SEC: 2 ICOs Were Fraud Schemes

SEC: 2 ICOs Were Fraud Schemes
The recent announcement of fraud prosecutions against two ICOs could be the beginning stages of a U.S. government move against legitimate but unregulated cryptocurrencies like Bitcoin.

The Securities and Exchange Commission announced it had charged a businessman and two companies with defrauding investors in a pair of initial coin offerings that were actually fraud schemes.

The SEC’s statement reads:

The SEC alleges that Maksim Zaslavskiy and his companies have been selling unregistered securities, and the digital tokens or coins being peddled don't really exist. According to the SEC's complaint, investors in REcoin Group Foundation and DRC World (also known as Diamond Reserve Club) have been told they can expect sizeable returns from the companies' operations when neither has any real operations.

Zaslavskiy allegedly touted REcoin as "The First Ever Cryptocurrency Backed by Real Estate."  Alleged misstatements to REcoin investors included that the company had a "team of lawyers, professionals, brokers, and accountants" that would invest REcoin's ICO proceeds into real estate when in fact none had been hired or even consulted. Zaslavskiy and REcoin allegedly misrepresented they had raised between $2 million and $4 million from investors when the actual amount is approximately $300,000.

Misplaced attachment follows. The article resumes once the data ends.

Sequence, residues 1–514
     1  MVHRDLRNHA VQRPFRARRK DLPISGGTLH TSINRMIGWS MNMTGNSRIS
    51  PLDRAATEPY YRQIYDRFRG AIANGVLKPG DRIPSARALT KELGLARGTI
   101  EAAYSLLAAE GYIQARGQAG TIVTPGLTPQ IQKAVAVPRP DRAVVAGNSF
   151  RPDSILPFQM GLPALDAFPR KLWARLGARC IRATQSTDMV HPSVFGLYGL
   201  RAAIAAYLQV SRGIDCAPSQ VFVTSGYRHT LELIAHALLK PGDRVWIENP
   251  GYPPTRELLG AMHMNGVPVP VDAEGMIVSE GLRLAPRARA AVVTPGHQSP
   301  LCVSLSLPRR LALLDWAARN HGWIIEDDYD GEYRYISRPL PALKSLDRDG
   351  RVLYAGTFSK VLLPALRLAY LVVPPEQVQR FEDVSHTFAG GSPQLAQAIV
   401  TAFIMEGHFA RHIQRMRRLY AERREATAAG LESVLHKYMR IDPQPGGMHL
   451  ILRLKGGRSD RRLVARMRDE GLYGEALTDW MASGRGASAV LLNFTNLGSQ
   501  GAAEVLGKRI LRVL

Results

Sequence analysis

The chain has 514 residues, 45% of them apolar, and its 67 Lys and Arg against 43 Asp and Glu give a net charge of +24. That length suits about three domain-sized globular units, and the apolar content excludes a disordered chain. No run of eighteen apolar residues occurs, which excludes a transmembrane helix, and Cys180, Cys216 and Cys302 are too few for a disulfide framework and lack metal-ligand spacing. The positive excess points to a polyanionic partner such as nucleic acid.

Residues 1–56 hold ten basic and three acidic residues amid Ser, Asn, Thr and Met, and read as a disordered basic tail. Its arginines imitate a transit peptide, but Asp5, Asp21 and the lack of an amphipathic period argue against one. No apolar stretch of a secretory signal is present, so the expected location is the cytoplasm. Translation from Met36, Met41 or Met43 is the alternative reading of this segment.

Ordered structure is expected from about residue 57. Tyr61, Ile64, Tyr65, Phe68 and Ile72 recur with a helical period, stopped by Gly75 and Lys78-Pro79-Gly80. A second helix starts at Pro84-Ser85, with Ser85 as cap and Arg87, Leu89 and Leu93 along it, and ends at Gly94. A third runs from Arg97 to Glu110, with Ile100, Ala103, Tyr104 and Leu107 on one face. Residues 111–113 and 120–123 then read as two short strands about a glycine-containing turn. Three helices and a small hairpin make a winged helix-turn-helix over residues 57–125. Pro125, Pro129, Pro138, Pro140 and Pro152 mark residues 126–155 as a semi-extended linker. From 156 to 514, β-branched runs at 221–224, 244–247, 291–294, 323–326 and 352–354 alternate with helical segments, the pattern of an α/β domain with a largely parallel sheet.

According to the SEC's complaint, Zaslavskiy carried his scheme over to Diamond Reserve Club, which purportedly invests in diamonds and obtains discounts with product retailers for individuals who purchase "memberships" in the company. Despite their representations to investors, the SEC alleges that Zaslavskiy and Diamond have not purchased any diamonds nor engaged in any business operations. Yet they allegedly continue to solicit investors and raise funds as though they have.

The SEC obtained an emergency court order to freeze the assets of Zaslavskiy and his companies.

The SEC's Office of Investor Education and Advocacy recently issued an investor alert warning about the risks of ICOs.

"Investors should be wary of companies touting ICOs as a way to generate outsized returns," said Andrew M. Calamari, Director of the SEC’s New York Regional Office. "As alleged in our complaint, Zaslavskiy lured investors with false promises of sizeable returns from novel technology."

The ICOs likely were fraudulent, but the prominence of the release and its timing with other governments’ actions suggest perhaps the U.S. is beginning to make its own move—albeit more stealthily—against unregulated cryptocurrencies.

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